While I’m always curious about the behavior of animals, my monitoring of birds breeding this spring has been sporadic for several reasons, leaving me with more questions than answers.
In May, my brother, Dana, came for a visit. One of my hosts at my current digs had invited us to stay at her house on a family farm in Highland County. Unfortunately, Dana couldn’t come when she and her husband would be there, so he and I ended up having the charming, spacious house all to ourselves for a few days (May 6-9).
I love Highland, but its nickname — Virginia’s “Little Switzerland” — is appropriate, with its high base elevation, higher ridges and a corresponding climate. The bottom of the hollow we were headed to is about 3,000 feet up. For comparison, the highest point on Skyline Drive, at Skylands, is 3,680 feet. Spring usually arrives in Highland a week or two behind Rappahannock, and when we arrived at the farm, it was cold and wet.
Fortunately, neither Dana, after his long trip from Alaska, nor I, still dealing with a bout of chronic bronchitis, felt like doing much. Rather than the hiking I had originally planned, we enjoyed spending most of the vacation talking, playing cribbage and observing nature comfortably from the large bay window in the living room. It offered a spectacular view of layers of forest leading up to a high ridge in the northwest, which was shrouded in mist most of the time. The verdant landscape was still beautiful, and the cushioned seats in the window accommodated both of us lounging there at the same time.
Our host had also alerted us to two Baltimore orioles who had regularly been visiting a mountain laurel outside a window in the kitchen. We found them there, quietly staring at us through the window. Orioles usually hang their basketlike nests high in a tree surrounded by open spaces, so this was the first experience I’d had with them up close, and I knew little about them.
One of the birds was bright orange and black, with white wingbars — a mature male. The other sported the same hues but more dilute and deferred to the mature male. Although they usually occupied the bush at the same time, they perched apart and rarely interacted. At first, I assumed they were a breeding pair, but if so, why weren’t they exhibiting courtship or nest-building behavior, which generally occurs in April-June?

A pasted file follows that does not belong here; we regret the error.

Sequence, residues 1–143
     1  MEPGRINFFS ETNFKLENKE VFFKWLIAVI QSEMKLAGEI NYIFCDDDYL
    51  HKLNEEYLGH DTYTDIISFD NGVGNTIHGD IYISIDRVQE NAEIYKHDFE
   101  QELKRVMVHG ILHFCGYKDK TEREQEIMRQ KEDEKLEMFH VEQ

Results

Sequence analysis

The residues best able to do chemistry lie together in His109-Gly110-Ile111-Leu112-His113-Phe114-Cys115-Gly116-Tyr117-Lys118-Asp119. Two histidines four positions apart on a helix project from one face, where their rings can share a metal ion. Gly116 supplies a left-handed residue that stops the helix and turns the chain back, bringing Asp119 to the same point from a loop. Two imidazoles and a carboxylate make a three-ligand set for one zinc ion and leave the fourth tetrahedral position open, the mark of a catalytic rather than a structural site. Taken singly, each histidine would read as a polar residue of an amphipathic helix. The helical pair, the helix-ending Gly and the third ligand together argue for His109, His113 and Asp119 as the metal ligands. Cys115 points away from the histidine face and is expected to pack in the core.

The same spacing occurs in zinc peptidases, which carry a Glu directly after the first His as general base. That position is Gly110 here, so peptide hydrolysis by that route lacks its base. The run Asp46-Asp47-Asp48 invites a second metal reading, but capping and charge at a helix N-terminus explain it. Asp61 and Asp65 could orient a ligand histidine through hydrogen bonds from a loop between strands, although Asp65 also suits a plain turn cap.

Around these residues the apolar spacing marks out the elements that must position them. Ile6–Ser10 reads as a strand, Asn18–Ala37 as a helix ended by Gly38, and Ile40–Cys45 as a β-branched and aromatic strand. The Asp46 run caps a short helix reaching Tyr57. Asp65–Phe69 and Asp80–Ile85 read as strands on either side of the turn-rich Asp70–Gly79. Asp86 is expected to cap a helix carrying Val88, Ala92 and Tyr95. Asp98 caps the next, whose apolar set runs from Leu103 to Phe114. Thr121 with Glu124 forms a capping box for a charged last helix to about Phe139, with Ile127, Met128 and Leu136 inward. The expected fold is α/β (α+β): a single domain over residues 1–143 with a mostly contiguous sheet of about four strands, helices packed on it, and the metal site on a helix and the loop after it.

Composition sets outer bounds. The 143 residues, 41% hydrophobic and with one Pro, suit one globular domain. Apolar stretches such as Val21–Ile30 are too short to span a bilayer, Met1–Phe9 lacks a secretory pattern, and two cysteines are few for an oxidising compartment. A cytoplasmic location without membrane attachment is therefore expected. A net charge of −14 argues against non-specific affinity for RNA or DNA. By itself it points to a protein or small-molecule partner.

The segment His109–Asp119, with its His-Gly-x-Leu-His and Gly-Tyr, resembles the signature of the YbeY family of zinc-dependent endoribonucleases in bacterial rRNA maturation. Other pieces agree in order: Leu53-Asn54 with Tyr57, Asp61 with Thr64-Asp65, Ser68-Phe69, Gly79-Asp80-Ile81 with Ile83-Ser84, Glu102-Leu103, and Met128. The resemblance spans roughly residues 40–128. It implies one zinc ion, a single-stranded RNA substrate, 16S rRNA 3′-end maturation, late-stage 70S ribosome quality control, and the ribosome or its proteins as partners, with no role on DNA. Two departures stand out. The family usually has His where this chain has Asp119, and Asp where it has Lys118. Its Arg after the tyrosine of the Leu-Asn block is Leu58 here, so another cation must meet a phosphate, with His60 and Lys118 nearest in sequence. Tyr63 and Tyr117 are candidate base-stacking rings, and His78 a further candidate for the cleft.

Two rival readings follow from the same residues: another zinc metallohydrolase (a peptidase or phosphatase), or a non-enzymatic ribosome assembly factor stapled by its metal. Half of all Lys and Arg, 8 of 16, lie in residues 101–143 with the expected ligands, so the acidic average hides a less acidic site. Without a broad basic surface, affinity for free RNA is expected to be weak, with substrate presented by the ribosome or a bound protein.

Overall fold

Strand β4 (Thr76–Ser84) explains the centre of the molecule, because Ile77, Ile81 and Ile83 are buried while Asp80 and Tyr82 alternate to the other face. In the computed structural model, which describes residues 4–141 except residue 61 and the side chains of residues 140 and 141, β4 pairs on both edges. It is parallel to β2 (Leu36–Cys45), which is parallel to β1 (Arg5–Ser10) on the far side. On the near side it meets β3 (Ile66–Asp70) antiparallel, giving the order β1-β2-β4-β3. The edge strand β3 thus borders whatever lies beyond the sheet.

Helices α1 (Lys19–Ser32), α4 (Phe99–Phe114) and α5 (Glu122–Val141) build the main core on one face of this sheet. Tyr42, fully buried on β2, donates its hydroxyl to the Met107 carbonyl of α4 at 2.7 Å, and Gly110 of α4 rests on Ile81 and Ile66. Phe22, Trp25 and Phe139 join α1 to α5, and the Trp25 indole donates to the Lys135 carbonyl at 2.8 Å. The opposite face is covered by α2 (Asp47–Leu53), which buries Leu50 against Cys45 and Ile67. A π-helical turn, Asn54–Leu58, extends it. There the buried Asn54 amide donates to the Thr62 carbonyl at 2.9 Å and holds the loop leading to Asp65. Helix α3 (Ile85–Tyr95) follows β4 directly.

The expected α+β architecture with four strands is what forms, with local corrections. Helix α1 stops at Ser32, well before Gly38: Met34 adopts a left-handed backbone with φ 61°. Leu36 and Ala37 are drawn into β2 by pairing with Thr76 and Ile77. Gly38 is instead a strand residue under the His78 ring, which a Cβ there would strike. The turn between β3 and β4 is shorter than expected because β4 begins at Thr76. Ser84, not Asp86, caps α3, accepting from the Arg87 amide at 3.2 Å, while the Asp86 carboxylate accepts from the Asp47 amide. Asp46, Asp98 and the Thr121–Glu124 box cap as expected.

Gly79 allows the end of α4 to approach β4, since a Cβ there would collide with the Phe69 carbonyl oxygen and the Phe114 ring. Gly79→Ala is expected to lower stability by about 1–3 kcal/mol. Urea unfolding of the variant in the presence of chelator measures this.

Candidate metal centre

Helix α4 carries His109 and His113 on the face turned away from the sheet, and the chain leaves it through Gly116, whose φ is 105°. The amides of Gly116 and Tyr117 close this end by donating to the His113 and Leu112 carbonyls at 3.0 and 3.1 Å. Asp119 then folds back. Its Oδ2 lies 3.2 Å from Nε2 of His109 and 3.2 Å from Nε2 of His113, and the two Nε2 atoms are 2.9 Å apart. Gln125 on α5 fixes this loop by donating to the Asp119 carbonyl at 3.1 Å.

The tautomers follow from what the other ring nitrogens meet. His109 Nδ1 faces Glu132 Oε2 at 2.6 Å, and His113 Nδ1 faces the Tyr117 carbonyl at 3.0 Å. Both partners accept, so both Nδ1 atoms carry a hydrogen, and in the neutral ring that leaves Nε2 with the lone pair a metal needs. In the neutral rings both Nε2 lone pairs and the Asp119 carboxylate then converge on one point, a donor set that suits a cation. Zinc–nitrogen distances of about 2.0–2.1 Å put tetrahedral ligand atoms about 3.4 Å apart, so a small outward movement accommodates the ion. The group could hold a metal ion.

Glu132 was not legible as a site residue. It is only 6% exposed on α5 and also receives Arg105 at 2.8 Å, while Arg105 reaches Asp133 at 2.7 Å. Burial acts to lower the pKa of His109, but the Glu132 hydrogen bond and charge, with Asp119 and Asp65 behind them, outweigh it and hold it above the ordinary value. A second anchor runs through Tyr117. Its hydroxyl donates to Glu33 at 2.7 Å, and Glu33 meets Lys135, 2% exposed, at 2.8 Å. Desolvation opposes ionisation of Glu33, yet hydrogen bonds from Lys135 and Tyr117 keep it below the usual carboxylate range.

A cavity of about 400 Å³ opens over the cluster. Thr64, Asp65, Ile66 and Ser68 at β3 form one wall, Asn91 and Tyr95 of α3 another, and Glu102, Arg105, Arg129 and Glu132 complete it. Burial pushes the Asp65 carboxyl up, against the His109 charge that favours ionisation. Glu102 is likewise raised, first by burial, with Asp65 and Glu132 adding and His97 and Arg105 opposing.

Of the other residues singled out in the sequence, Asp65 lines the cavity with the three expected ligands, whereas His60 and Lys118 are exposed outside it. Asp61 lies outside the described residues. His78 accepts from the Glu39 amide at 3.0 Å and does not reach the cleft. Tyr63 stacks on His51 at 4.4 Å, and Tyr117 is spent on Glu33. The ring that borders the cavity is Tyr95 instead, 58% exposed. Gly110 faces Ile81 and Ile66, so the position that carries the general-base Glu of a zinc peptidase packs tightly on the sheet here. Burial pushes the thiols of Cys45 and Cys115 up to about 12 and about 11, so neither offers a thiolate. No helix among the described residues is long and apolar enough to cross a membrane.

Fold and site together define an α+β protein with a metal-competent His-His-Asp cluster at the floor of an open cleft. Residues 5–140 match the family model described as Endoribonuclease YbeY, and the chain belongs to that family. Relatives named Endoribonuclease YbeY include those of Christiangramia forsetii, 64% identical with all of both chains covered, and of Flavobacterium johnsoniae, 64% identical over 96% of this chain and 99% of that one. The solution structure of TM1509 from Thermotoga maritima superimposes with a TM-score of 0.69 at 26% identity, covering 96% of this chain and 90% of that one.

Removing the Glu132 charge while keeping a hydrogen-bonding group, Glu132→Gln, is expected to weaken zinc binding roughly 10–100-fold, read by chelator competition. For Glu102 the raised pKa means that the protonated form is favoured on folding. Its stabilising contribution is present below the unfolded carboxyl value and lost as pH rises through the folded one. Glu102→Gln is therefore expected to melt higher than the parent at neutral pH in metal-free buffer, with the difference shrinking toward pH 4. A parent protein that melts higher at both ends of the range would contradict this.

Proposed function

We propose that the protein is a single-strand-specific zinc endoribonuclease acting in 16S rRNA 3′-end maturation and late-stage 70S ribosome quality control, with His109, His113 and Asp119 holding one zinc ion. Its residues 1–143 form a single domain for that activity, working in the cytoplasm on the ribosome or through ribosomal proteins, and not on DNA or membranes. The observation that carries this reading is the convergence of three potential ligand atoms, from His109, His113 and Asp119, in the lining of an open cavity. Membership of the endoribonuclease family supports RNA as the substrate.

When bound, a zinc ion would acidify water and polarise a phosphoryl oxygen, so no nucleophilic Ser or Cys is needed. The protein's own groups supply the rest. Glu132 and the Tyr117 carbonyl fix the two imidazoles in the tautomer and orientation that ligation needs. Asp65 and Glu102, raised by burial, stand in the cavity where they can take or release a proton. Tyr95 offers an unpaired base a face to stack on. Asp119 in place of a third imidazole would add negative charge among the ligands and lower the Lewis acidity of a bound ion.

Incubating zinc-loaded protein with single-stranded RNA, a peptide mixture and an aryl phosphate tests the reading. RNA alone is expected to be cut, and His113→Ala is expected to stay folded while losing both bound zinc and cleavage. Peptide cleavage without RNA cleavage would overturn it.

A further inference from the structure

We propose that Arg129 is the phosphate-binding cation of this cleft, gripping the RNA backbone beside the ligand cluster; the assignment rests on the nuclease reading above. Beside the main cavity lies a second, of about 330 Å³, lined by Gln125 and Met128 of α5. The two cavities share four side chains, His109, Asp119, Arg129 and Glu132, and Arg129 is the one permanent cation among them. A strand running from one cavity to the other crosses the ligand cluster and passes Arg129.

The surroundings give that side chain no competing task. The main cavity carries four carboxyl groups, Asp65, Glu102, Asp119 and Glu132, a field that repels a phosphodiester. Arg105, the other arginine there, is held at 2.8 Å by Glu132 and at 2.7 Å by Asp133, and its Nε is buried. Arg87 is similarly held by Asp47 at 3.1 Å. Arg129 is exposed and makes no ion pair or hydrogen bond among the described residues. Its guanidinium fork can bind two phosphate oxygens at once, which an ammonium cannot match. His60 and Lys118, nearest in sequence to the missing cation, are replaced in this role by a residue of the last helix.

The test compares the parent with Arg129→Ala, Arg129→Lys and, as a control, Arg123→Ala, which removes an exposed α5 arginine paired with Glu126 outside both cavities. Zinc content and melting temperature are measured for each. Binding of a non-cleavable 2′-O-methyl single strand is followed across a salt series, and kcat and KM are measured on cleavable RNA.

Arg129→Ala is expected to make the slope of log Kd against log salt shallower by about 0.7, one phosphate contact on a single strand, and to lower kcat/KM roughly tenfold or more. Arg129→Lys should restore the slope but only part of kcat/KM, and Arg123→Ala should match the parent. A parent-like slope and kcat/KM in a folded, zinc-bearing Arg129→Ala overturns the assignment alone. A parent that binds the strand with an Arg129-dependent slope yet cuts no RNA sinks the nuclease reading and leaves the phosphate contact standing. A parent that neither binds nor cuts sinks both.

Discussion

Orioles are frugivores, so I had brought oranges to chum them in, although obviously they didn’t need any encouragement. When I went out to put a couple of halves in the laurel, the birds flew off temporarily. Glancing down in the bush, I was amazed to find a robin’s nest just a foot or two from where the orioles had been perching. It held two chicks that had most of their flight feathers, with just the last wisps of nestling down still ornamenting their heads.
Sneaking peeks of the robin nest from inside later, Dana and I saw the parents regularly bring food to the chicks, flying in low and seemingly unbothered by the orioles. In contacting our host, I found she knew about the nest, and she sent photos of the chicks she had taken a day or two after they hatched.
I decided to move the oranges to another mountain laurel around the corner of the house from the first, drawing the orioles away from the robin nest . . . for a while. But the next day, the orioles began tapping on the windows next to both laurels. There was plenty of orange left, but had the food triggered what appeared to be territorial displays? Were the orioles starting to guard the laurel, which produces berries later in the year? Were they just responding to their own reflections? Or was something else going on?
After reading up on the species, I figured out that these two orioles probably were not mates but rather two males, the paler one a juvenile. With bird species in which mature males have different coloration (usually brighter) than mature females, juvenile males can look similar to females. Figuring out why two males were hanging out together and what exactly they were doing will require more research.